Feeds

Switzerland to set up 'Swiss cloud' free of NSA, GCHQ snooping (it hopes)

Gnomes of Zurich want spook-immune system

Top 5 reasons to deploy VMware with Tegile

Swisscom, the Swiss telco that's majority owned by its government, will set up a "Swiss cloud" hosted entirely in the land of cuckoo clocks and fine chocolate – and try to make the service impervious to malware and uninvited spooks.

Companies providing secure communications, such as Silent Circle, already use Swiss data centers because the country has very tight data privacy laws. And surveillance can only take place after prosecutors secure a court order, as opposed to the secret clearances issued in the US.

"Data protection and privacy is a long tradition in Switzerland, and that's why it's pretty difficult to get to something," Swisscom's head of IT services Andreas Koenig told Reuters. "But if legal requirements are there and we are asked by the judge to obtain or deliver certain information then we would obviously have to comply with it."

Koenig insisted that introducing the Swiss cloud was less about addressing concerns over foreign spying and more to do with providing a local service that could be fast and secure, but acknowledged fear of surveillance and the existence of Switzerland's tight privacy policies may make the service attractive to those worried about the safety of their cloud data.

That includes the Swiss government. Last week the Swiss newspaper Basler Zeitung reported that the nation's administration was increasingly concerned about the extent of state-sponsored spying on cloud data. Much of the country's revenue comes from its banking sector and with an estimated $2 trillion stored by the Gnomes of Zurich, Swiss servers are bound to be of interest to snoopers and scammers.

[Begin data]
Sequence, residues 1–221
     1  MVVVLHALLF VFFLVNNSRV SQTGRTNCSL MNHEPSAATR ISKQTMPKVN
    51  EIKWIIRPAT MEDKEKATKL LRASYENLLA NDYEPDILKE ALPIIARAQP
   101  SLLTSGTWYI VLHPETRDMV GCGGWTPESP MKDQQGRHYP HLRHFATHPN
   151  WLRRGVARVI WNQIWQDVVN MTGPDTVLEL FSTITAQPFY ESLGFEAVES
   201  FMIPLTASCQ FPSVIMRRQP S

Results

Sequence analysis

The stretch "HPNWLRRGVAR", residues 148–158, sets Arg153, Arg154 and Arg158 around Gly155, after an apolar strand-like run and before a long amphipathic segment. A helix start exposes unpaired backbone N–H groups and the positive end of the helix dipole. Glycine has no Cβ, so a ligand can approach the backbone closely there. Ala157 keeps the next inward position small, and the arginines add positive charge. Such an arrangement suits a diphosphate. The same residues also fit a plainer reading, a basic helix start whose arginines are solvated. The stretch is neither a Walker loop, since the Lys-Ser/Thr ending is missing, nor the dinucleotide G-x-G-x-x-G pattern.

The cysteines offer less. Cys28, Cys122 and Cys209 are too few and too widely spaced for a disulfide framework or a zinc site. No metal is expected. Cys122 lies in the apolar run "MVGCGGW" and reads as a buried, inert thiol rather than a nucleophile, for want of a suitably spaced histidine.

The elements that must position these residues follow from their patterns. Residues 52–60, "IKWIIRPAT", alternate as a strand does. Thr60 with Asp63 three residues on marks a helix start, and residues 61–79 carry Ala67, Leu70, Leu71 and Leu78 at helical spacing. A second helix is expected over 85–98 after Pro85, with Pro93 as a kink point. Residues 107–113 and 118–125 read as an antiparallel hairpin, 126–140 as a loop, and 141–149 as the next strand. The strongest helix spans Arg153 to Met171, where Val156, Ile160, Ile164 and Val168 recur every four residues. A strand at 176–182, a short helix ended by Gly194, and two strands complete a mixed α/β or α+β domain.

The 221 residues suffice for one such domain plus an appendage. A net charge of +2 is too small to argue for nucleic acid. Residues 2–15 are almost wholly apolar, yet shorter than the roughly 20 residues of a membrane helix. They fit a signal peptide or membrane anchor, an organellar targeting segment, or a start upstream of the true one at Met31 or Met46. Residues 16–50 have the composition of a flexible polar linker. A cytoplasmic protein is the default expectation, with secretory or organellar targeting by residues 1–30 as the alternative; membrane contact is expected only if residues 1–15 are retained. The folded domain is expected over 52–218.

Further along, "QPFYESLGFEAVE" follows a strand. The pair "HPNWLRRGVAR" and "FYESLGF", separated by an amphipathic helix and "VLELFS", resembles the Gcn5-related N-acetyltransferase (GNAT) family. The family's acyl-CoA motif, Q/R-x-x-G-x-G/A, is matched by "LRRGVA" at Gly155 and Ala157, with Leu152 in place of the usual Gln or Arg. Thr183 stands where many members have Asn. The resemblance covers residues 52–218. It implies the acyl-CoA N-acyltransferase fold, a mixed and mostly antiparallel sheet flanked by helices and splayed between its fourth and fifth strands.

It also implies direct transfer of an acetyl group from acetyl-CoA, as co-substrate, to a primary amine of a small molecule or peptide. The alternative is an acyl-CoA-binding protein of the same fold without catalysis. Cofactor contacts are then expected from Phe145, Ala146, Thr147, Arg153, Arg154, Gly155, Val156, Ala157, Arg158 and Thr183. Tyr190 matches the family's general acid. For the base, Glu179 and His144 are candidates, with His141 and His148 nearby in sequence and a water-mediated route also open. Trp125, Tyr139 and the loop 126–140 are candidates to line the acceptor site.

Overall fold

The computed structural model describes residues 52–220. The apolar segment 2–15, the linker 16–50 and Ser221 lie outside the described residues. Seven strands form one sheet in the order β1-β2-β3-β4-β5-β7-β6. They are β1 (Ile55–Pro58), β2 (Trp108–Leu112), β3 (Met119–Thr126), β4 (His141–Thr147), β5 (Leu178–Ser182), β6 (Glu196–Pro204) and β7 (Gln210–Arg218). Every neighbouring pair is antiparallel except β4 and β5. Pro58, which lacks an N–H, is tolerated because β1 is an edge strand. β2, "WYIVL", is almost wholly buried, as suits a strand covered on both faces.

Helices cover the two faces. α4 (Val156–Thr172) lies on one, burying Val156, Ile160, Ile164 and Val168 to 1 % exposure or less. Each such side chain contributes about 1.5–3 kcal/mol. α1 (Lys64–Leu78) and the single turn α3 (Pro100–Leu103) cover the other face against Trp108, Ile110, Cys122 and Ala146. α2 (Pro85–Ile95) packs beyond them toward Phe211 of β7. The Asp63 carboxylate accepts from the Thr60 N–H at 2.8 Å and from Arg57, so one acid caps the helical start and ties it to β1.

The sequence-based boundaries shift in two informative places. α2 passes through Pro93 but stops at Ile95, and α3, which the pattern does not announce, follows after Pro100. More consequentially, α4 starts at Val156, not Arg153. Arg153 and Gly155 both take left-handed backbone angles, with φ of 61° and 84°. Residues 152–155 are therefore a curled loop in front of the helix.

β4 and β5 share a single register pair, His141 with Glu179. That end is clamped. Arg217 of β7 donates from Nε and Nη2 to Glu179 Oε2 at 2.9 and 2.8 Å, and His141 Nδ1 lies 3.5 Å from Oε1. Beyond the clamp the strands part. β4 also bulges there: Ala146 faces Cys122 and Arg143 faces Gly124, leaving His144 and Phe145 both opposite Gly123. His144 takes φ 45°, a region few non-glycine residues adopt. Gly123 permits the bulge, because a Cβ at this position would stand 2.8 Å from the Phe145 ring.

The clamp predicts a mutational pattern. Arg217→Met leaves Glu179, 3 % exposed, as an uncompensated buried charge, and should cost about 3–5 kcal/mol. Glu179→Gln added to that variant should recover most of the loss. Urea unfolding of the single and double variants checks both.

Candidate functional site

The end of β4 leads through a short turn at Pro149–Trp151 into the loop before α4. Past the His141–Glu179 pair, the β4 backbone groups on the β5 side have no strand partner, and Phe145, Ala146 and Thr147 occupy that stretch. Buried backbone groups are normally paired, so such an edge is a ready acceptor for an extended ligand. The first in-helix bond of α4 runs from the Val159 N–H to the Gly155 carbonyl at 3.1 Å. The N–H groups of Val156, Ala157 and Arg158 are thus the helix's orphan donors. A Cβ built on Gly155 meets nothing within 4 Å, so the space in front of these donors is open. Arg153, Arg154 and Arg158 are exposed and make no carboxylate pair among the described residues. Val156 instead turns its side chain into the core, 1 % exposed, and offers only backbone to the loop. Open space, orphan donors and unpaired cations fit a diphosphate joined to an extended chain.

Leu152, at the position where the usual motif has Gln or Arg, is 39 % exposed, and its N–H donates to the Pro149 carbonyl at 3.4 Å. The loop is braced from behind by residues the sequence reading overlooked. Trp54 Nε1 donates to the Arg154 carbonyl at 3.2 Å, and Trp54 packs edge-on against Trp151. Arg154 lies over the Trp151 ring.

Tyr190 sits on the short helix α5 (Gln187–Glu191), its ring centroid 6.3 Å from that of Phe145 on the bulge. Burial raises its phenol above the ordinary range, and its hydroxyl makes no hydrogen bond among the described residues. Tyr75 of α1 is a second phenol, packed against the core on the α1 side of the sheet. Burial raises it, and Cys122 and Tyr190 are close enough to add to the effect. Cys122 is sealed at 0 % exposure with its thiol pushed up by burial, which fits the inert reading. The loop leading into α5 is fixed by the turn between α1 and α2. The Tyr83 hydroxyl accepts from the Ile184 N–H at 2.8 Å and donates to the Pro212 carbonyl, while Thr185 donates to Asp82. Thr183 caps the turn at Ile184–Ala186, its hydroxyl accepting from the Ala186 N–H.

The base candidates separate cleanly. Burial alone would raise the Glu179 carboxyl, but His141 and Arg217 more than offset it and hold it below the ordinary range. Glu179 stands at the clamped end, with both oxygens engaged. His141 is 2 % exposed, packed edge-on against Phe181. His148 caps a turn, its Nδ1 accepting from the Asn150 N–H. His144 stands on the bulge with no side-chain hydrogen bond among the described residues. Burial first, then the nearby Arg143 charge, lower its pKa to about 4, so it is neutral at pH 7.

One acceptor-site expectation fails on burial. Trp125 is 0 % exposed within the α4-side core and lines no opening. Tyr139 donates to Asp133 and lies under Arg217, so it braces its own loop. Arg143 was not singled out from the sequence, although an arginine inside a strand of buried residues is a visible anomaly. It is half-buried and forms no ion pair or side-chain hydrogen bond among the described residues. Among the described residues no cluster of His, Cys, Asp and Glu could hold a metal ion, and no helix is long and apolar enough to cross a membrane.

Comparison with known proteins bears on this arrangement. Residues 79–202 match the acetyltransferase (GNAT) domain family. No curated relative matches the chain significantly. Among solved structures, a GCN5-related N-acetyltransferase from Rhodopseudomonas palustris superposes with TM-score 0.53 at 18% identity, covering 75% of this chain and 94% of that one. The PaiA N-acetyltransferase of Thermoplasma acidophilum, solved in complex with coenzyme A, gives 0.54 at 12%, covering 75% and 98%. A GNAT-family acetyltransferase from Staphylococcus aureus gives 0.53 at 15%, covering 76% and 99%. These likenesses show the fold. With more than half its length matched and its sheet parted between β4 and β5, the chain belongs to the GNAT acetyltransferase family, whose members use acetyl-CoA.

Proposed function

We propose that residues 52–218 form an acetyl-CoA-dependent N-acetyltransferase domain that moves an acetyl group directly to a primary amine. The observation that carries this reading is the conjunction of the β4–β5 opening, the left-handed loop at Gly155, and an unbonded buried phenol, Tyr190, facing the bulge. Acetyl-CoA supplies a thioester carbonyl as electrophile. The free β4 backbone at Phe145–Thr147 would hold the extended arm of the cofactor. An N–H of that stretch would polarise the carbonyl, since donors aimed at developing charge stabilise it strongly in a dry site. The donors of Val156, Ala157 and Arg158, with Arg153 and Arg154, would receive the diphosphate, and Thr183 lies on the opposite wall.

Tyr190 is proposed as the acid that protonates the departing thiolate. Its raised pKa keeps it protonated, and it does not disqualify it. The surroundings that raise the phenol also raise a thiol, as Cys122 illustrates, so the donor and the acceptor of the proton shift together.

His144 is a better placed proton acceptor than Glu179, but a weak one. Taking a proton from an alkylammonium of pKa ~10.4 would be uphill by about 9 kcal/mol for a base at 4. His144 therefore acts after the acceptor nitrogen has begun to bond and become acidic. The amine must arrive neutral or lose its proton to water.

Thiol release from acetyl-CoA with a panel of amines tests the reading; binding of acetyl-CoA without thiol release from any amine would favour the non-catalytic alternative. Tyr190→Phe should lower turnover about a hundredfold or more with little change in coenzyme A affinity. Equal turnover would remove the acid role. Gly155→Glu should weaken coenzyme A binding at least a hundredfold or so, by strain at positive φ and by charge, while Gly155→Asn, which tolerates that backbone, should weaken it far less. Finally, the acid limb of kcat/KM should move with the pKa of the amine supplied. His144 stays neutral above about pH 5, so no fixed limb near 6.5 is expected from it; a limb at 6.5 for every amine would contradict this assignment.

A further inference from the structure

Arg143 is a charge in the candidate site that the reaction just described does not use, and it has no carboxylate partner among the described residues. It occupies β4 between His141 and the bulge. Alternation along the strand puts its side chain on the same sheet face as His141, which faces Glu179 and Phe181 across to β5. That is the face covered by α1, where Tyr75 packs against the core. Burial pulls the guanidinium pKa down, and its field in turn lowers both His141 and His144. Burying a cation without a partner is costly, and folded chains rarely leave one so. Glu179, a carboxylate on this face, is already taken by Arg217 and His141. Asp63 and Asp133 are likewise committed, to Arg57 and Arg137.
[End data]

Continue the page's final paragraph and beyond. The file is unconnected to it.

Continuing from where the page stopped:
The Swisscom cloud will use HTML5 for its user interface, and will host all its data within Swiss borders. While designed for domestic customers, Koenig said that the service could appeal to others who want their data to be as secure as their savings.

"If you are a provider in a cloud environment you need to apply the highest standards of security you can get," he explained. "It's like opening a data tunnel from the server to your screen and then displaying the data on your screen. That makes it pretty, pretty difficult for anyone to see what's there."

Swisscom aims to get about three quarters of its data, estimated to be between 200 and 300 petabytes, on its cloud by 2016, but it gave no more details on how fast the service could be rolled out to others. ®

Intelligent flash storage arrays

More from The Register

next story
729 teraflops, 71,000-core Super cost just US$5,500 to build
Cloud doubters, this isn't going to be your best day
Want to STUFF Facebook with blatant ADVERTISING? Fine! But you must PAY
Pony up or push off, Zuck tells social marketeers
Oi, Europe! Tell US feds to GTFO of our servers, say Microsoft and pals
By writing a really angry letter about how it's harming our cloud business, ta
SAVE ME, NASA system builder, from my DEAD WORKSTATION
Anal-retentive hardware nerd in paws-on workstation crisis
Astro-boffins start opening universe simulation data
Got a supercomputer? Want to simulate a universe? Here you go
Microsoft adds video offering to Office 365. Oh NOES, you'll need Adobe Flash
Lovely presentations... but not on your Flash-hating mobe
prev story

Whitepapers

Choosing cloud Backup services
Demystify how you can address your data protection needs in your small- to medium-sized business and select the best online backup service to meet your needs.
A strategic approach to identity relationship management
ForgeRock commissioned Forrester to evaluate companies’ IAM practices and requirements when it comes to customer-facing scenarios versus employee-facing ones.
High Performance for All
While HPC is not new, it has traditionally been seen as a specialist area – is it now geared up to meet more mainstream requirements?
Mitigating web security risk with SSL certificates
Web-based systems are essential tools for running business processes and delivering services to customers.
Intelligent flash storage arrays
Tegile Intelligent Storage Arrays with IntelliFlash helps IT boost storage utilization and effciency while delivering unmatched storage savings and performance.